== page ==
Talif-ul-qulub: An important head mentioned in the verse is Talif-ul-qulub. Literally, the word means to attract hearts. Traditionally, it is associated with ‘pensions and gifts’ given by the Holy Prophet to enemies, to render them into harmless entities. The category attracted a controversy in the early period of Islam’s expansion. Hadhrat Umar Farooq had refused to pay one such individual during first Caliph’s reign, declaring that Islam no longer needed the support of such people of dubious loyalty. Imaam Abu Hanifa, believing that Hadhrat Umar had abolished this category, opined that it was not lawful now to spend anything under this head. Imaam Shafi, on the other hand, opined that there was nothing to prove that Holy Prophet had ever spent anything under the head of talif-ul-qulub. All the incidents mentioned in the traditions simply showed that whatever he had spent for this purpose was spent out of the spoils of war and not out of the Zakat funds. Thus Hadhrat Umar’s action did not nullify this category, and something could be given to sinful Muslims under this head from the Zakat but not to unbelievers. Other jurists are of the opinion that expenses under this head are lawful if a need exists for them.

Looking at the present scenario, where hatred towards a particular set of revelation and its followers, are encouraging a global tilt towards the right, resulting in devastation of countries, murders, rapes, forced starvation of children, demolition of homes, incarceration and migration of millions, it can be said with all sincerity that attracting hearts or talif-ul-qulub is the most urgently needed effort of our times, required on global scale. Modern interpreters (The meaning of the Quran by Maulana Abul Ala Maudoodi, Explanatory note no. 64, p-390, 391, 394 – vol 2, Board of Islamic Publications, Delhi) of Quran and jurists are also of the opinion that the need to win over hearts exists in our times like never before, and there is nothing to show that expense under this head has been made unlawful forever up to the Last Day. Dr. Yusuf Al Qardhawi (Fiqa Az-Zakat; Urdu translation by Shams Peerzada; Pub: Idara Dawatul Quran, Bombay), a most respected modern jurist has written exhaustively on this subject, and he feels that the head of Talif-ul-qulub should be utilized to support large organized attempts to attract hearts towards Quran.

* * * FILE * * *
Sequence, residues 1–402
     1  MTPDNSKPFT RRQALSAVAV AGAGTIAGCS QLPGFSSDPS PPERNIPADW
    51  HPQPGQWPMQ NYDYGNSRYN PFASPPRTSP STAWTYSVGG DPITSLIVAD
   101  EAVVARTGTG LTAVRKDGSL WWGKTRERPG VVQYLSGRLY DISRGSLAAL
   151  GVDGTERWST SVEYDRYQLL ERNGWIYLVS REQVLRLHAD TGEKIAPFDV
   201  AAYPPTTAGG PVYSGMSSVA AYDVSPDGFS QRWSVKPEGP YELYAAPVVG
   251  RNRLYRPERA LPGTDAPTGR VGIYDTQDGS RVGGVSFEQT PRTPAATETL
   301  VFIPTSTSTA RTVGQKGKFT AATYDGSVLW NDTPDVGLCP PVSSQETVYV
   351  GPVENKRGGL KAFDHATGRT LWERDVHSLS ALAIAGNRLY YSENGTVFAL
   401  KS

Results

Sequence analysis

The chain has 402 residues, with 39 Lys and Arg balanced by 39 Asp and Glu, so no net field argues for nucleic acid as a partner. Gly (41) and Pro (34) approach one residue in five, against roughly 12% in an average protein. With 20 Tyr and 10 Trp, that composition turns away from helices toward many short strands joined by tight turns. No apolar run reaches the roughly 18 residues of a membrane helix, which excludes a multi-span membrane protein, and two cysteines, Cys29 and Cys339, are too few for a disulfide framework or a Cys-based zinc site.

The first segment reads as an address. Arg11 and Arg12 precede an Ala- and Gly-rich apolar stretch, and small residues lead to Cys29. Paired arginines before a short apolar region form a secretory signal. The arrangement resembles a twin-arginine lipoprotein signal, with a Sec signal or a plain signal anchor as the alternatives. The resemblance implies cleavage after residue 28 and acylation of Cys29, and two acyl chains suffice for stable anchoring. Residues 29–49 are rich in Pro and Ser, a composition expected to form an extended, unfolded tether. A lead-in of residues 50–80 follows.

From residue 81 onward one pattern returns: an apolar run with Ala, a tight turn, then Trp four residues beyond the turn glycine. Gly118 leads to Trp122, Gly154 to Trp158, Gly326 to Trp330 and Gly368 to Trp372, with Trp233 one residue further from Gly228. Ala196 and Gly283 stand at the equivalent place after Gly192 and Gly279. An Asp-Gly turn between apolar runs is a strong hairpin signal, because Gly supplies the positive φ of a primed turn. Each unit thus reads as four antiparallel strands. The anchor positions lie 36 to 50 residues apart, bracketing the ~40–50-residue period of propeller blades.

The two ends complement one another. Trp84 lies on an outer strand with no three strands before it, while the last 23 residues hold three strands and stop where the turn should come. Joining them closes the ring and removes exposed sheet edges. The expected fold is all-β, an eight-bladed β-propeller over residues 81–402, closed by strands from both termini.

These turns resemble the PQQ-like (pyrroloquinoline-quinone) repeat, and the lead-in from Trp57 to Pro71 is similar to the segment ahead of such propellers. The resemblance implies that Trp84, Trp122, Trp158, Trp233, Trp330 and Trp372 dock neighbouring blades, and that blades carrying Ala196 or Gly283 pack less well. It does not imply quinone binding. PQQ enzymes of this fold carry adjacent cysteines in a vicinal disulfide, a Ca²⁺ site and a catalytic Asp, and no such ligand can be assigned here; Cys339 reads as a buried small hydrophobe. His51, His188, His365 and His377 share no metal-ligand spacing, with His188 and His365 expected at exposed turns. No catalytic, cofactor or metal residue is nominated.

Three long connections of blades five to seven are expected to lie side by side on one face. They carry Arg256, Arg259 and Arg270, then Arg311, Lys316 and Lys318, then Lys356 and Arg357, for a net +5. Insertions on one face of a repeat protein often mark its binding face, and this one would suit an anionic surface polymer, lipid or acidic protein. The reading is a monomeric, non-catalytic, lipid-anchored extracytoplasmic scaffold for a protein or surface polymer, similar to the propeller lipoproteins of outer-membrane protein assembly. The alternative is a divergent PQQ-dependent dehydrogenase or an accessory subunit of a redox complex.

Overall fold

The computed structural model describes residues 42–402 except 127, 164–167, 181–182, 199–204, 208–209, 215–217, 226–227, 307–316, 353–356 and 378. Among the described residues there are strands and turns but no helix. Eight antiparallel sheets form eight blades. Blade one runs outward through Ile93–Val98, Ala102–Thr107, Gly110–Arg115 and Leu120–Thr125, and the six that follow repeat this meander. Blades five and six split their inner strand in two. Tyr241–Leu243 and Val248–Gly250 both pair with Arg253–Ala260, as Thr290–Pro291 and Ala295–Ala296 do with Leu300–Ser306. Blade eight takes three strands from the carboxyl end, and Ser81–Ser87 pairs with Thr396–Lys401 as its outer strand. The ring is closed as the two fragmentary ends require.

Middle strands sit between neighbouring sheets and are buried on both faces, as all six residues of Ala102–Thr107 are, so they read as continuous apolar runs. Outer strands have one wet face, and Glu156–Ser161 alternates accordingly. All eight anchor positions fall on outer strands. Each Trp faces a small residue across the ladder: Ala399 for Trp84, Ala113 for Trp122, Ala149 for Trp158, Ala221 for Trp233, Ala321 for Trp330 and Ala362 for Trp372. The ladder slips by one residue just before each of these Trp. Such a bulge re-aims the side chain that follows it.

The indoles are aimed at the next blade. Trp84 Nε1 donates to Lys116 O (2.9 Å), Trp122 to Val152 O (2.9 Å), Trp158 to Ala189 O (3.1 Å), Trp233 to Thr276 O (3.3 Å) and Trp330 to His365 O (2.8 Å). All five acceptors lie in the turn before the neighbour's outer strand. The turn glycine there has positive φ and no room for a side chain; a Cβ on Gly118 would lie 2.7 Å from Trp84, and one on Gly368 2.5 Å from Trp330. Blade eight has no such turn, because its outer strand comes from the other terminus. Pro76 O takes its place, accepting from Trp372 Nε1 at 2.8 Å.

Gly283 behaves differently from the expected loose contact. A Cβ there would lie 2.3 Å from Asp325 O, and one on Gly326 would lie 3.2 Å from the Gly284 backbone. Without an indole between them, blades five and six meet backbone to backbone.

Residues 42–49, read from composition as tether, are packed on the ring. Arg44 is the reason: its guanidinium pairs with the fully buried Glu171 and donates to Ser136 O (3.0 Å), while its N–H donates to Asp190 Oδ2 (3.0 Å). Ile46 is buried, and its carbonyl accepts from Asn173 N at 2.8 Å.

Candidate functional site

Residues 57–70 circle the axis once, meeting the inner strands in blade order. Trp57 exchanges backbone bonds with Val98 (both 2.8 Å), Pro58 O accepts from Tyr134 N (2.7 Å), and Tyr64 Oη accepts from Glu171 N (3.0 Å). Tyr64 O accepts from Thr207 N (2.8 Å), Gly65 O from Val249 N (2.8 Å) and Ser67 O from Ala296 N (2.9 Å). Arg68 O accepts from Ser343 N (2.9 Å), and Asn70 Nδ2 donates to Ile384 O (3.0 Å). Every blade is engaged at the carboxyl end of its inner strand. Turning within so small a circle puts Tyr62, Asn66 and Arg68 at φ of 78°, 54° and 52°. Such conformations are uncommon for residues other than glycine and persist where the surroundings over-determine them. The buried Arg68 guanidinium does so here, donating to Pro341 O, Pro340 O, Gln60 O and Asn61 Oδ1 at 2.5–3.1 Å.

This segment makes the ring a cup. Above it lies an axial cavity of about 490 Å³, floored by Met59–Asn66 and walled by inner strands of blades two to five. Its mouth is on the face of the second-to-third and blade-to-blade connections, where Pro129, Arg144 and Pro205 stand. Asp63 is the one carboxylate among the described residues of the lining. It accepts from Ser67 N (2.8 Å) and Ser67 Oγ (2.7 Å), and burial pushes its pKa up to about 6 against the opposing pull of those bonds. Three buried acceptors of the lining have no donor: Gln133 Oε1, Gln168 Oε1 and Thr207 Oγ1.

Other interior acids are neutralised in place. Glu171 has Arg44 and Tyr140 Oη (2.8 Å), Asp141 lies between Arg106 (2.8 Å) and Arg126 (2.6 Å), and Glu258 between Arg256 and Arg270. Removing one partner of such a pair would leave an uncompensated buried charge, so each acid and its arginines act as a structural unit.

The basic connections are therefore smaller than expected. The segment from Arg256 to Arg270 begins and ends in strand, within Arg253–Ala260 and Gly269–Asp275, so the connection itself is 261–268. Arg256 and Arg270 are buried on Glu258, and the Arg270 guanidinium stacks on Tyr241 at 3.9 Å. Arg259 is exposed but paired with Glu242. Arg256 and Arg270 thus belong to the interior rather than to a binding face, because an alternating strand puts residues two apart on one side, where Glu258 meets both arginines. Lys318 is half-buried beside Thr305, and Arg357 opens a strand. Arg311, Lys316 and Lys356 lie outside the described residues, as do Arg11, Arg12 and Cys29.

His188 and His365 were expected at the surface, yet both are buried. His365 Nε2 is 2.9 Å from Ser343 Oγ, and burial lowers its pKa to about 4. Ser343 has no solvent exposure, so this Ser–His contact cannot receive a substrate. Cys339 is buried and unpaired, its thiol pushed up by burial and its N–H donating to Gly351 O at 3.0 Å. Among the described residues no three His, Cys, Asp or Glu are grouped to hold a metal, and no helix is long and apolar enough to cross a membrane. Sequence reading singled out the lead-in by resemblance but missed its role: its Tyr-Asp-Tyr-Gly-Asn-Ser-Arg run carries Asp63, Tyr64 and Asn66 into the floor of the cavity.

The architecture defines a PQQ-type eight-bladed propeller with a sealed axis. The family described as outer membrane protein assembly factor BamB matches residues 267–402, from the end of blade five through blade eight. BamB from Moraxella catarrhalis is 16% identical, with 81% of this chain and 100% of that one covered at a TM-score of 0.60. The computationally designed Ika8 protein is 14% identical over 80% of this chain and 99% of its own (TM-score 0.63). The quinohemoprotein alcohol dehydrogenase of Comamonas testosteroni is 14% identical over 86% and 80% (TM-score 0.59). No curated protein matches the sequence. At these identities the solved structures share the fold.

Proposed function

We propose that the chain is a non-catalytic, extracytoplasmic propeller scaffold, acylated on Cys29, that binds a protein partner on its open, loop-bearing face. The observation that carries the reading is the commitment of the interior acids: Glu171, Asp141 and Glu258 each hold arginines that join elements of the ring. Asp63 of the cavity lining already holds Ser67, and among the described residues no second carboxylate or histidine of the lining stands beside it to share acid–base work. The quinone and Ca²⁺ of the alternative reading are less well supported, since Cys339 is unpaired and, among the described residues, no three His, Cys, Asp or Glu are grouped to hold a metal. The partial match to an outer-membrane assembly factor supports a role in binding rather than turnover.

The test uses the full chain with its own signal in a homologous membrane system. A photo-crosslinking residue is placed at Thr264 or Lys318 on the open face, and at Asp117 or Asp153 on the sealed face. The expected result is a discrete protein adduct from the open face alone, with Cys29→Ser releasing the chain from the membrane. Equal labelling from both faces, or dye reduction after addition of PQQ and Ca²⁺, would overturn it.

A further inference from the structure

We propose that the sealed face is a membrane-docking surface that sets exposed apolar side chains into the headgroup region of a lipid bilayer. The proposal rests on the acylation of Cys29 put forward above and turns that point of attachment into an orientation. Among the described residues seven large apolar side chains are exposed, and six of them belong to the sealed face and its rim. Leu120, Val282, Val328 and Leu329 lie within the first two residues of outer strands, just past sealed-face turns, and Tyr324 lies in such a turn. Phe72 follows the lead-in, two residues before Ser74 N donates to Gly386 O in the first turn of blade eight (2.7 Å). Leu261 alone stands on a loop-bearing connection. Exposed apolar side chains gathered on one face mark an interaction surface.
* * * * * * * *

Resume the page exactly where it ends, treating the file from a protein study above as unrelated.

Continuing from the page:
Another term Fi-sabil-lillah or ‘The way of Allah’ is a general term, which implies all those good works that please Allah. That is why some jurists are of the opinion that Zakat funds may be spent on every kind of good work. But the majority of earliest Muslim scholars have opined that here the expression ‘way of Allah’ actually stands for Jihad in the way of Allah, and portion from Zakat may only be used for jehad or fighting. But Jehad in the way of Allah is a much more comprehensive term than mere fighting in the way of Allah. It is applied to all efforts where a Muslim struggles and strives in the cause of Allah by teaching, fighting or in duties assigned to them by the Islamic state.

The eighth term, Ibn-sabil, literally means ‘son of the path’ or a wayfarer. Scholars interpret this head as help for strangers stranded in the way. Some scholars feel that as Ibn-sabil and sabil-lillah have been clubbed together, it may mean help for those who are striving on the path of Allah or doing any good work. But as Quran promotes mixing and interaction of populations, and traveling for various reasons, the meaning probably covers all situations.

Conclusion: Project Infinite Peace is an intellectual effort, and its objective is to attract hearts on global scale. Since three heads, mentioned among the eight, pointed out by Quran for Zakat expenditure are applicable to the project, and collective zakat of Muslim countries runs into billions of dollars, the arrangement of finances for such an effort should not be a problem.